13. Yes good illustration what I meant. 3D printing requires a special mindset designing for 3D printing, where you have to extract a way to work and how to split the model into parts, and finding a good orientation for the print. You just need to practice. I typically glue the parts together, using a glue that can handle the slightly non sticky surface of thes plastics. On very thin skins, like the boat hull above having a thickness of just 1.2 mm, I typically add a small flange along the joint, and of course on the inside, looking a bit like a frame or bulkhead. This adds surface area to the glue joint, but also adds a bigger footprint towards the printer bed, which is useful as it is a skinny shape relative to the mass that moves around above, and therefore risks falling over when the bed moves.
  14. There are a few basic rules that are useful to follow, assuming that you are using an extruder style printer with a single extruder so that you can't add supporting material that you remove in a step 2: 1/ Make sure that you have enough thickness. On my fairly basic printer, I have found that 1.2 mm always works. In my boat example, the contractor wanted 5-6 mm on the full scale model (about ten meters long). When I scaled it down to fit my printer having a build height of 250 mm, and printed in two parts giving a model height of about 500 mm, the material thickness fell below 1.2 mm, so I had to produce another model with thicker walls relative to the full scale model. 2/ For single extruder printing, the rule is to avoid angles exceeding 45 degrees. Imagine building something out of dry sand. If the angle is too steep, it will simply collapse. On my boat example, I had to find a setup that avoided thes 45 degrees. Standing on the transom would not work as it leans outwards 12-14 degrees, which would make the model fall over. Splitting it along the centerline and printing it in two pieces lying on the side would not work as the sides would exceed 45 degrees by a wide margin. The solution was to split the model in the middle. Each part could then stand up without any problem, and I could double the size of the model. The transom and two plate was however a problem, so I printed them as separate parts with joints at an angle to to hide it as much as possible. On a house, you can think it a similar way. How can I for example print a roof having a flatter roof angle than 45 degrees? You simply print it as a separate piece standing up on the side, or for more complex shapes, you can ask yourself if it's possible to split it in the same way as I did with the boat hull, so that you manage the angles and can maintain a shape that stands without falling over. Windows and doors can of course be a problem if you want to print it with see through properties, but you can print a wall lying down instead ? 3/ How can I check if a model is a true solid model, and would therefore cause a minimum of problems? The basic criteria simply means that the part or parts all consist of closed shapes. If you still have a problem, you can check if the normals all face outwards. A quick test is to convert a given shape toa mesh and then calculate the volume of it. If you do get a volume, the model is most likely correct. If not check closed shapes and volumes again until it works. 3/ You can of course print a house model as a solid object, having a mesh inside but it does have the disadvantages of just being an exterior and it would also take longer to print. It would therefore probably make sense on very small models representing volumes instead of being models looking like real houses. Below is an example of a solid print, that is, it's filled inside with a mesh structure.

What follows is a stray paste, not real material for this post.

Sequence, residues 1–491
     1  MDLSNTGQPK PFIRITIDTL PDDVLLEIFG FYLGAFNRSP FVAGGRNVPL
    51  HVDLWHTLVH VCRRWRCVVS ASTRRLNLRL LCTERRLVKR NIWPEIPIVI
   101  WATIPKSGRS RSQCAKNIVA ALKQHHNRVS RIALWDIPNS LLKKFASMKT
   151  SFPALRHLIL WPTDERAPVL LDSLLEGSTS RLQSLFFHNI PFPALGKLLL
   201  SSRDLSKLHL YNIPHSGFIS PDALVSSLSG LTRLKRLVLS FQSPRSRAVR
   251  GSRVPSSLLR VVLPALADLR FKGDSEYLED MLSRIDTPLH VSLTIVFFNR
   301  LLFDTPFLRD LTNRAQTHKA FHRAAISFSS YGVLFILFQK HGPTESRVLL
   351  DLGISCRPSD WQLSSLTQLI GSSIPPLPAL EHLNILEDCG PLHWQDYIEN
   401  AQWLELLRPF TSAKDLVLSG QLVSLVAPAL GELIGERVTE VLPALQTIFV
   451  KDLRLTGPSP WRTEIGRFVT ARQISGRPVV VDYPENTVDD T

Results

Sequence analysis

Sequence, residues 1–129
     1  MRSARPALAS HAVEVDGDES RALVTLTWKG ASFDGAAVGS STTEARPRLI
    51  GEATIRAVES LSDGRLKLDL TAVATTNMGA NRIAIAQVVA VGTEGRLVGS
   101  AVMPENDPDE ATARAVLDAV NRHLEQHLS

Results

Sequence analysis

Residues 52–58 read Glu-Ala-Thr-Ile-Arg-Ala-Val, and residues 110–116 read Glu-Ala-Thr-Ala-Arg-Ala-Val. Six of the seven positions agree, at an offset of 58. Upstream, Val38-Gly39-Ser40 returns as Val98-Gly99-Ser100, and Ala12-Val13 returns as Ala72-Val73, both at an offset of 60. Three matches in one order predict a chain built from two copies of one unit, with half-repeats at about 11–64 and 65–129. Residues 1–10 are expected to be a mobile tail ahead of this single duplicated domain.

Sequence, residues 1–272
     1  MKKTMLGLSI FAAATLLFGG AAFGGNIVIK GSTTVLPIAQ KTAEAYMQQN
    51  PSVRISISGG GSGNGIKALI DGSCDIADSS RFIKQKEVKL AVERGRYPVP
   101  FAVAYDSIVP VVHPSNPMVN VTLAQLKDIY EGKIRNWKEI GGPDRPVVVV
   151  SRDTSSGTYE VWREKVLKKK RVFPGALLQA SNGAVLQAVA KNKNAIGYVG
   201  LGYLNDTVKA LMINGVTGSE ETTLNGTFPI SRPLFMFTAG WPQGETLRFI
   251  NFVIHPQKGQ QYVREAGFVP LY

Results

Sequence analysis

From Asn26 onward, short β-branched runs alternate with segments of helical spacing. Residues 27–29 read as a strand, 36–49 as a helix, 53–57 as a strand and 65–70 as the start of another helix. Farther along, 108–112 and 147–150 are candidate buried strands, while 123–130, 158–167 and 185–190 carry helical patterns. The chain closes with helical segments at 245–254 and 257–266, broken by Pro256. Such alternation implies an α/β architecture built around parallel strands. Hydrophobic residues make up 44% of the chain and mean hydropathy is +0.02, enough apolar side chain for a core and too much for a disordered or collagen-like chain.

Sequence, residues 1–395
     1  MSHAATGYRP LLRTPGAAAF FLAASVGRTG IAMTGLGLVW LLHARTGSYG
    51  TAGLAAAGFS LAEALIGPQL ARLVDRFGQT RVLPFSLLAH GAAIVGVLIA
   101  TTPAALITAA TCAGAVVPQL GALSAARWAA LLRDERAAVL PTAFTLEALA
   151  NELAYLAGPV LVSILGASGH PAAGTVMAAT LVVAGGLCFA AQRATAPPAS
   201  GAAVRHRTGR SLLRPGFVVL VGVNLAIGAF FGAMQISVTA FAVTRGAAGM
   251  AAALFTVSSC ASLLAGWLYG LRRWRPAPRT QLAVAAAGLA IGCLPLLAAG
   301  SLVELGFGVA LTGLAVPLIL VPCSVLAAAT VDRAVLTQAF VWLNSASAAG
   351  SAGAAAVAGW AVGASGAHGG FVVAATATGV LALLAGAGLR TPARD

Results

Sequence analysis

15. It was a combination of drawings, laser measurements, and scans, where I tried to merge them into one unit. The house was built in 1939, where architects did not have VW to work with, and nothing was done in 3D, so even the drawings had to be cross checked against one another. The house also gradually changed over the years. As you can see there are a lot of factors that had to be merged into one 3D model. I have to say that I have made good use of these scans since my posting. I used it for locating sewage pipes in the house as it is time to reline them in the basement. For some reason we could not find the original drawings, but using combinations of scans from all seven stories, I was able to generate a good picture where everything was. Another example was a leak in a terrace, where a joint turned out to be the problem. I could place a scan of the terrace on top of the plan drawing below and it became obvious what the problem was. I even double-checked the measurement with a Leica laser, and the scan was 14 mm off vs the laser scan over 6.225 meters.